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Reply with quote  #6 
I'm going to be a cheeky monkey and post a related question, here. What're [edited from "what's" because I truly do know better] your favorite non-linear novel or novels? Here's my list:

Frankenstein (Wollstonecraft)
I found this book when I was thirteen and nearly memorized it. I love the different voices and perspectives playing a sort of Roshoman game. (Roshoman's great, too.)

House of Leaves (Danielewski)
A game-changer. This is one of the books people will still be talking about in a hundred years. True story: I read this back when I commuted to work on a light rail train. When I bought it (in paperback), I had leafed through. The book has a very unusual structure, and loops around on itself. I made my way through it, ultimately, using three bookmarks simultaneously. Reading it feels a lot like a scavenger hunt. I was at The Climactic Point of the book when I turned a page and saw a crucial page of great significance. I gasped out loud in the middle of the commute. Got some eye rolls, but the bookish folks were slying looking at the cover of the book. What's she reading? I had actually seen the crucial page before, but entirely out of context. In the right sequence, at the right moment, it was literally breathtaking.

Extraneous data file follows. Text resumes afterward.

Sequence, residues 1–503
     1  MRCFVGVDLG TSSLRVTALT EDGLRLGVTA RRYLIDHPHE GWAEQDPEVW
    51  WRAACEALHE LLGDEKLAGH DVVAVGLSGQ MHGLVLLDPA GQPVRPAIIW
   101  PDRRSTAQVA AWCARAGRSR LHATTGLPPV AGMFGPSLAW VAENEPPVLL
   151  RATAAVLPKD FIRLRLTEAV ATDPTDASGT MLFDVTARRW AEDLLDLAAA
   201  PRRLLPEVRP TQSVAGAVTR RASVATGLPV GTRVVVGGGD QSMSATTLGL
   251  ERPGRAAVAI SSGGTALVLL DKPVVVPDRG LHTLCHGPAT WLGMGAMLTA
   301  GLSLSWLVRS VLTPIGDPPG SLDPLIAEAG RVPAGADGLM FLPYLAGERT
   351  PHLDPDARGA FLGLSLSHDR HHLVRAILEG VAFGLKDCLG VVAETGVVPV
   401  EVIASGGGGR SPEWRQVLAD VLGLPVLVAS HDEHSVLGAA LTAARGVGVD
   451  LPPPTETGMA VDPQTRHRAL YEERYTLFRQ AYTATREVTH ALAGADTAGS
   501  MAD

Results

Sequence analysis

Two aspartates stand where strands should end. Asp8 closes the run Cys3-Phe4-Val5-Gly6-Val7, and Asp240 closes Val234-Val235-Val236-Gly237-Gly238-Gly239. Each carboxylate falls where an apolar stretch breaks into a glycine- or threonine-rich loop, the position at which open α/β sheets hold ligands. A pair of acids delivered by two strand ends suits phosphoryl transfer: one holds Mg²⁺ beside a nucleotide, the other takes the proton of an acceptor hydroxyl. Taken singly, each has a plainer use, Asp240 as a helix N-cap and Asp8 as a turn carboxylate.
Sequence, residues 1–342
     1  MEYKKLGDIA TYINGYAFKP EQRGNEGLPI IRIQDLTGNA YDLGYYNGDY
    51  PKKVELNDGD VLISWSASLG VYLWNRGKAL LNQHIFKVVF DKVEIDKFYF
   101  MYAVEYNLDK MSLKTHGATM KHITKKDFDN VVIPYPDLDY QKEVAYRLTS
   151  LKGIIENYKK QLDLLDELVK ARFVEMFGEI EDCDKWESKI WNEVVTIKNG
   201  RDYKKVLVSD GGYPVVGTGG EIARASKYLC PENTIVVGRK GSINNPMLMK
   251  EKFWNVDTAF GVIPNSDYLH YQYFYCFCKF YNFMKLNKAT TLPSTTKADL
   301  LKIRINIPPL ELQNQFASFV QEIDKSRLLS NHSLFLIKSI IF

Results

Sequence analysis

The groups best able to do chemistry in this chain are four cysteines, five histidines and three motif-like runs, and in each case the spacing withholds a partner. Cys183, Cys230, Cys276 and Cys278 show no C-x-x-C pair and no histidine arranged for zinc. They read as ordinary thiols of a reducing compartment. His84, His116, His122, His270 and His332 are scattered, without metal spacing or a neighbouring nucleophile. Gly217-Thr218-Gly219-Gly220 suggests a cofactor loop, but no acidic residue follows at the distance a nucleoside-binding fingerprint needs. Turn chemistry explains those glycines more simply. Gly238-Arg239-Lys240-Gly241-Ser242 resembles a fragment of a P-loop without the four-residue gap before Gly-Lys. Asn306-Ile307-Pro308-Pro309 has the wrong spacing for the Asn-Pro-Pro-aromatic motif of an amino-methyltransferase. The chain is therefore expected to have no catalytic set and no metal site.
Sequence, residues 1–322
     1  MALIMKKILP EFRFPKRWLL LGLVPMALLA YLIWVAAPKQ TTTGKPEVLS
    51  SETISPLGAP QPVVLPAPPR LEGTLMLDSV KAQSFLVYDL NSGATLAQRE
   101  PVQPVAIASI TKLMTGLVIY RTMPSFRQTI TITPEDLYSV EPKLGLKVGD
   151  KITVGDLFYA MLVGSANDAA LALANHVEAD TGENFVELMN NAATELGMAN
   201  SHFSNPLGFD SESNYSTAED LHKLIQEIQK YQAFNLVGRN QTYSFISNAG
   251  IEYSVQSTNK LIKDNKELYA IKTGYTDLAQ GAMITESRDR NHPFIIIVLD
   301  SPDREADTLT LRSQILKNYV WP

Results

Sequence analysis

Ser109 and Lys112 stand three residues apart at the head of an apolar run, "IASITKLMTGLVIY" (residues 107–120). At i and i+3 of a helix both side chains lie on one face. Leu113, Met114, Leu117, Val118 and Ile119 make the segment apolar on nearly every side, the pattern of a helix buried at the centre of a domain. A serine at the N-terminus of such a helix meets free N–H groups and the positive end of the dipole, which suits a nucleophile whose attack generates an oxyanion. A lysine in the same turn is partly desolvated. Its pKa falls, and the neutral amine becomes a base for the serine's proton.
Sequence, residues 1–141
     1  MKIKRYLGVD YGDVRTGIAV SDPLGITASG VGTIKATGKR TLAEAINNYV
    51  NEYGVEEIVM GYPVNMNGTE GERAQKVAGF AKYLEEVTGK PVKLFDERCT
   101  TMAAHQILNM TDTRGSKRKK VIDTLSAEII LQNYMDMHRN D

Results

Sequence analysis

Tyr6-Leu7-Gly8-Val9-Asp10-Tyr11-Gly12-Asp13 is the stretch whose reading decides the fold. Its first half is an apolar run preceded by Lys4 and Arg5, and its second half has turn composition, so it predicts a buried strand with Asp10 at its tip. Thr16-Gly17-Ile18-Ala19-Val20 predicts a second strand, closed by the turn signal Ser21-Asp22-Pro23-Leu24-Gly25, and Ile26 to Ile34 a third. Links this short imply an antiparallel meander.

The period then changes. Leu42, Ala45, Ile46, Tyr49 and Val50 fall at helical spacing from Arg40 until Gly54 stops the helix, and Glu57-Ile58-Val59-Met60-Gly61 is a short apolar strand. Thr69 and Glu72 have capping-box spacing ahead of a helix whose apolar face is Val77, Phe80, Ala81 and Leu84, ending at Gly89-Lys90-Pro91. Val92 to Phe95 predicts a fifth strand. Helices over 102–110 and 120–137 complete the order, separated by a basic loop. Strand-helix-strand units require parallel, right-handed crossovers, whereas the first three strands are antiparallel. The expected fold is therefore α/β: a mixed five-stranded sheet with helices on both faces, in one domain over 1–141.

We Need to Talk About Kevin
(Shriver)
Not truly a non-linear book, I suppose, but the flashbacks -- the meat of the story -- are dealt out of order like cards from a poker hand. It's a puzzle you're not sure you want to solve but feel compelled to. The book says important things about mothers, the assumptions continually made about them, and how the role of mother is powerful and powerless at the same time.
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krnstv